Self-harm is a compulsive behaviour exhibited by a wide range of age, gender, socioeconomic and racial demographics. However, it remains most prevalent amongst adolescents, in particular teenaged girls. Let’s look at some numbers around the world:
- In the US, the rate of girls aged 10 to 14 arriving in American emergency rooms with self-inflicted injuries has increased by 19% per year since 2009. The rate of increase for boys is 1%.
- In the UK, the rate of increase is much higher, with a 68% rise in rates of self-harm among girls aged 13 to 16 since 2011. It must, however, be noted that the UK study included GP visiting rooms, whereas the US study only covered emergency room admissions, which may account for the high difference.
- In Australia, the same trends are apparent. The Australian Health Ministry released a report showing that the number of young Australians seeking help for suicide and self-harm has doubled from 2000 to 2015. Furthermore, the survey also alarmingly found as many as one in 10 teenagers (about 186,000 Australian youth) had engaged in some form of self-harm in their life, including a staggering quarter of Australian teenage girls aged 16-17.
Unlike the US and NHS studies, the Australian report did not rely on GP or emergency room visits for data. Arguably this study then reveals the clearest picture of what some commentators are referring to as a “crisis”. Studies such as those of the UK and US are only taking a shallow reading of the actual instances of self-harm since they are only using data from medical centres.
We can conclude that incidents of self-harm are rising. With that rise comes a correlated risk of increased suicide and suicide attempts. While causality is fluid in these cases, diagnoses of anxiety and eating disorders are also highly likely to rise in parallel with incidents of self-harm. In fact, the University of Columbia recently concluded that the risk of suicide increases sharply in the months after an incident of self-harm.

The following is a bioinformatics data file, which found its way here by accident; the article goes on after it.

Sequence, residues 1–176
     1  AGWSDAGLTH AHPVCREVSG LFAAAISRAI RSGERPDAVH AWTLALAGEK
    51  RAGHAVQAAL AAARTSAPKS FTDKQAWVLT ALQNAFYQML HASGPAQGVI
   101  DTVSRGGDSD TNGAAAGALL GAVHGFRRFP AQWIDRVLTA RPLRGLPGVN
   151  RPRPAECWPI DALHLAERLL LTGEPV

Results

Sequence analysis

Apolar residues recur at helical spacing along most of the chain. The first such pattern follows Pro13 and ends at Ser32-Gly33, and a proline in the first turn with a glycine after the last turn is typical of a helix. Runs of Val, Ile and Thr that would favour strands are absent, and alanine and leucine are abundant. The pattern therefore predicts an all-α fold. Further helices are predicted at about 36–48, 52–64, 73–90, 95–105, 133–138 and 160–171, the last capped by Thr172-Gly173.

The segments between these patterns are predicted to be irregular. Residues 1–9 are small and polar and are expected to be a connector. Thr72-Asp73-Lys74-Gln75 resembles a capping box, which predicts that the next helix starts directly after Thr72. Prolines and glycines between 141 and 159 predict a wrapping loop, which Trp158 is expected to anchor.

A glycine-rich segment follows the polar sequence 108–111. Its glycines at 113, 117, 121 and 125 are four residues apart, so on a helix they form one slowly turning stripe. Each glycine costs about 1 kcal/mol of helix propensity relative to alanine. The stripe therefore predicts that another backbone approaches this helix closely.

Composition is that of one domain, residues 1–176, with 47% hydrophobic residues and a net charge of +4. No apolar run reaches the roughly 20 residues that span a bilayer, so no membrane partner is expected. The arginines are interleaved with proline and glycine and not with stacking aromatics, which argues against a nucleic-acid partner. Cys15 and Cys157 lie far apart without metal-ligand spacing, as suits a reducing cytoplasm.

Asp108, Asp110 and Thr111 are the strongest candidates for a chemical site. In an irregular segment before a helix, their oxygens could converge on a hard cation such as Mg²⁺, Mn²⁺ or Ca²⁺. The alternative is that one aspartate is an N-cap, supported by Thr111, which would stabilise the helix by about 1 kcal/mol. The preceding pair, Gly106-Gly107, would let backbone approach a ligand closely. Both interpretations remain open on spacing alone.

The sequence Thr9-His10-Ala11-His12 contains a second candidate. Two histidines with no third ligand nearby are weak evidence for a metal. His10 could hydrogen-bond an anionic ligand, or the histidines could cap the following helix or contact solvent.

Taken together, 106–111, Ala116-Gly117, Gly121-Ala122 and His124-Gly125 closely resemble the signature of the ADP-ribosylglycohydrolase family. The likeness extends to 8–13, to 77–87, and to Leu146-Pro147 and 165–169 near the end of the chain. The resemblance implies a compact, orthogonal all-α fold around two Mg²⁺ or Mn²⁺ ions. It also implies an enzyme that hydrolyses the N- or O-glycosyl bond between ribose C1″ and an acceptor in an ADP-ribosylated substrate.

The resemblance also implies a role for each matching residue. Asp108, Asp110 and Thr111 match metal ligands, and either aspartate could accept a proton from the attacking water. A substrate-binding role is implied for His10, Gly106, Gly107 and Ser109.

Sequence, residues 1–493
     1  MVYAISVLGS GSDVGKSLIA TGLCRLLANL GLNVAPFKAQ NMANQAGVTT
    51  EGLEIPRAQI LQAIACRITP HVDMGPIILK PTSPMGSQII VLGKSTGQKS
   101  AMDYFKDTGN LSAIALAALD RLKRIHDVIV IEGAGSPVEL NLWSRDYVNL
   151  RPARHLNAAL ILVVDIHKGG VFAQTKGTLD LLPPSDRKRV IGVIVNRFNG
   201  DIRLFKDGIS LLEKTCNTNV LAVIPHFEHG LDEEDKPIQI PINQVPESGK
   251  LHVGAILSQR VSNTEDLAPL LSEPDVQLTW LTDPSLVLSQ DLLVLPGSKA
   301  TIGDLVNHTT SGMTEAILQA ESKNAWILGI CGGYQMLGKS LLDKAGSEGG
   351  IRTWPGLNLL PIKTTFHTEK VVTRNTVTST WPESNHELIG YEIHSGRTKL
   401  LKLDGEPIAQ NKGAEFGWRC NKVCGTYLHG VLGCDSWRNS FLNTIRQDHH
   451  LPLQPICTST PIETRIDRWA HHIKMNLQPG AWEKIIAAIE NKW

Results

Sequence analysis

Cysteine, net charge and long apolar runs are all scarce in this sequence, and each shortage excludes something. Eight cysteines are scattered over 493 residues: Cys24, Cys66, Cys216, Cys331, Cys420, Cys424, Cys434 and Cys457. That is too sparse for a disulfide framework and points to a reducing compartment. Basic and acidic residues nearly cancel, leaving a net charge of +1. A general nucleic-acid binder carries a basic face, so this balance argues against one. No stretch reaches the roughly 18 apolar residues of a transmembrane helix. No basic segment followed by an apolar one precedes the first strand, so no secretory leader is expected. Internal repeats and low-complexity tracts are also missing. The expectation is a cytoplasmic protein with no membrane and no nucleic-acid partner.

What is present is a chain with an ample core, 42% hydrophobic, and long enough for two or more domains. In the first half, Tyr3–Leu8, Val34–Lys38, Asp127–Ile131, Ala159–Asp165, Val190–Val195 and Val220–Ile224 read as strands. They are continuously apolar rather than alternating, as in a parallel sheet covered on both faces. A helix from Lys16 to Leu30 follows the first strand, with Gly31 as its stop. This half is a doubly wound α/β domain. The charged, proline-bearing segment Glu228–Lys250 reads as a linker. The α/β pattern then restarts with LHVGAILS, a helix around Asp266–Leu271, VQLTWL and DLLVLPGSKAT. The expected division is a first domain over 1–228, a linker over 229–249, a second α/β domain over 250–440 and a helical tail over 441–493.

Practitioners refer to NSSI (Non-suicidal self-injury), a term also used by Australian academics, but the term “deliberate self-harm” (DSH) is also frequently used. For the purposes of remaining colloquial, let us adhere to the term “self-harm” here. The term, in fact, defines a wide array of physical manifestations. It must be noted that causally psychological and emotional factors preempt physical self-harm, and could be defined as a form of mental self-harm – low self-esteem, negative self-talk and self-denial. Typically, although not uniformly, the self-harm occurs in private, in a controlled or ritualistic manner. According to the Mayo Clinic typical acts of self-harm include: